Get rid of flies in your chicken coop this summer before life gets too buggy.
We’ve got our fly control situation in full gear (hot Southern summers!).
With the amount of manure we have on our farm (with horses, pigs, goats, and rabbits in addition to our chickens), to say we have a LOT of manure is something of an understatement.
The key to getting rid of flies, I’ve found, is to try to stop them from breeding.
While you’re never going to get rid of ALL of them, you can do a good job decreasing the population, especially if you have just a few chickens.
Studies show that if you get rid of flies in your chicken coop, Campylobacter is less likely to spread, keeping you, your family, and your flock healthier.
Luckily, keeping flies away from your chicken coop is easier than it seems as long as you follow a few critical steps.
While there’s a lot of ideas in this article, I think the basis of any program to control flies is to start with a clean chicken coop.
Without that critical first step, you’re just managing a situation that will eventually overwhelm you. You also might need to use more than one idea on this list—I’ve found preventing flies from returning takes a couple different plans of attack.
That being said, here’s ideas to get you started to get rid of flies in your chicken coop!
Keep your chicken coop clean
Keeping your flock’s home clean will go a long way to helping you get rid of flies in your chicken coop.
Flies like manure, muck, food, and whatever else they can find in chicken coops.
If you make sure your hens’ home is relatively manure and crud free, less flies will be attracted to it.
To clean your chicken coop, you can use a rake to remove soiled bedding, old hay from nesting boxes, etc. Sweep out whatever debris is left.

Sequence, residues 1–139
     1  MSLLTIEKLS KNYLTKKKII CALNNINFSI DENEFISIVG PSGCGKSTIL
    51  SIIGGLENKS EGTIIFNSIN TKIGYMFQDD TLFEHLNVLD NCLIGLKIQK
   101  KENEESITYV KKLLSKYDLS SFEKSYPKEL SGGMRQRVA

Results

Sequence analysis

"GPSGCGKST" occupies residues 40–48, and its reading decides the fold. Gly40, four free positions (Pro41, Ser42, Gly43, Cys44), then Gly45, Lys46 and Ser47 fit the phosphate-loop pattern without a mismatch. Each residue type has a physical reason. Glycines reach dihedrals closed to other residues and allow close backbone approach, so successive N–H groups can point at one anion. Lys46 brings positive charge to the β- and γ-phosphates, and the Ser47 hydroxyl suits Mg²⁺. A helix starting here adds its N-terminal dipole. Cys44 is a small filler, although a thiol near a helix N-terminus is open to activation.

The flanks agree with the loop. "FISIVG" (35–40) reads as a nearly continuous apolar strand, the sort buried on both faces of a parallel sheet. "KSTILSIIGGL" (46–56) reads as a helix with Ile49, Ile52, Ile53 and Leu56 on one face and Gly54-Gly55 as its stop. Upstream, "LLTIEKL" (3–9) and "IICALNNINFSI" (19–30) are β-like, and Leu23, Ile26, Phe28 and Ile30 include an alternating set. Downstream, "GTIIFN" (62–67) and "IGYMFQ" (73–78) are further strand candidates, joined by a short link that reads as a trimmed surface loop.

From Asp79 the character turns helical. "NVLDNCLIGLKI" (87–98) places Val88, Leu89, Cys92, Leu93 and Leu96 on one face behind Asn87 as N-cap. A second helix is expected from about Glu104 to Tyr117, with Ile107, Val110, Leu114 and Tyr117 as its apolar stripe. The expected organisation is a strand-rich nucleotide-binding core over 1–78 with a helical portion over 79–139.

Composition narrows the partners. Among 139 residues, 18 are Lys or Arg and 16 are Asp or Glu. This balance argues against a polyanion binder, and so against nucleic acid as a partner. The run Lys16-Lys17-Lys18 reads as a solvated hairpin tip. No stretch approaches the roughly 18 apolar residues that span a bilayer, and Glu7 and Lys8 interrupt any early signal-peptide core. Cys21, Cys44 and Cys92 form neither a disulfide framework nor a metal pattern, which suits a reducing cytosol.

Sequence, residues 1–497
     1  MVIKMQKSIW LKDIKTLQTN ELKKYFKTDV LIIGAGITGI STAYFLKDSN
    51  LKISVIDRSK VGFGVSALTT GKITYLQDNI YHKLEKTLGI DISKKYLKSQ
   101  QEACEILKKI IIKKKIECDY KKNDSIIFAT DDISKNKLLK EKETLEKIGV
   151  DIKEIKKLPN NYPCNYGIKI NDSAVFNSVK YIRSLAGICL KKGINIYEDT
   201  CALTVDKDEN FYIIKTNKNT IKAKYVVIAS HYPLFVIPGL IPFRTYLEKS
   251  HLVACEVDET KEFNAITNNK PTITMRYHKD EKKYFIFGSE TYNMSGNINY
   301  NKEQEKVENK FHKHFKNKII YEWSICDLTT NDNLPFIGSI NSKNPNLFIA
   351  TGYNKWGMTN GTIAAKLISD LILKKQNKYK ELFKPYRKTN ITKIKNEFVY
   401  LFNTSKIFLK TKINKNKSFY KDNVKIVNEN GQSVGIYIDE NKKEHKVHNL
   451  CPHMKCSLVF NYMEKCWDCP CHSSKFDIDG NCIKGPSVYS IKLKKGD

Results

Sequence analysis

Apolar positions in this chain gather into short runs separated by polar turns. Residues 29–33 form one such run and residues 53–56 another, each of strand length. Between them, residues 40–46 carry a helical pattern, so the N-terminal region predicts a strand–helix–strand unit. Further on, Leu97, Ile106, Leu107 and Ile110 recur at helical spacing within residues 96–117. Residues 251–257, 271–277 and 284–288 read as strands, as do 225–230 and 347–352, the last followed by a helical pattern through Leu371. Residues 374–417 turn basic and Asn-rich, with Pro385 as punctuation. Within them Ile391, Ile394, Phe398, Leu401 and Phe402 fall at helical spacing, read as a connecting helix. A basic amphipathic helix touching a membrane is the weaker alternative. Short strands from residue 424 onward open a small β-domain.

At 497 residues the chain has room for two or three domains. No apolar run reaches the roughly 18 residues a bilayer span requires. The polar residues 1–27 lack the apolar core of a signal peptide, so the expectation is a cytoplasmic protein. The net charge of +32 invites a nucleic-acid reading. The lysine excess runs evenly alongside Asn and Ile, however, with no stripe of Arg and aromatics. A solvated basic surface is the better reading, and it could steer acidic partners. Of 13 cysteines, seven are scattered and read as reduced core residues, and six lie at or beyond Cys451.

Next, use plain water or water and citrus vinegar mixture with a scrub brush to get rid of any manure that might be hanging around your chicken coop.
Wear rubber gloves, because this step can get kind of messy and with all the bacteria in your chickens’ digestive systems, you don’t want it getting on you.
Finally, top everything off with a mint essential oil spray to kill bacteria and repel flies.
When cleaning your chicken coop, do not use bleach at all.
Bleach combined with the ammonia from their manure can create poisonous fumes. All natural is best in this case to get rid of flies in your chicken coop.
Make sure, as well, that you’re removing old feed, since food attracts flies.
One study showed that flies might transmit avian flu, get rid of flies in your chicken coop to keep your flock healthy.
Use all-natural fly repellent
Repellent is a pretty no-brainer way to get rid of flies in your chicken coop, but going all-natural is again your best option.
You’ve taken all these steps to limit your flock’s chemical exposure already. Don’t drop the ball at the last minute and go with something laden with them.
After formulating your repellent, spray in your chicken coop daily or as needed.
Strips are a non-invasive method that works well to get rid of flies in your chicken coop.
We use them in our house, and as soon as we put on up, within minutes, flies have found their way onto them.
The problem with strips is if you have a lot of chickens, they probably won’t be able to keep up with the amount of flies.
If you only have 4 or 5 chickens, however, and your coop is otherwise clean, then you can give them a try.
Just remember that fly strips can’t really take the place of a clean chicken coop. So, they’re best used as part of an overall pest control plan, rather than relied on as a sole strategy.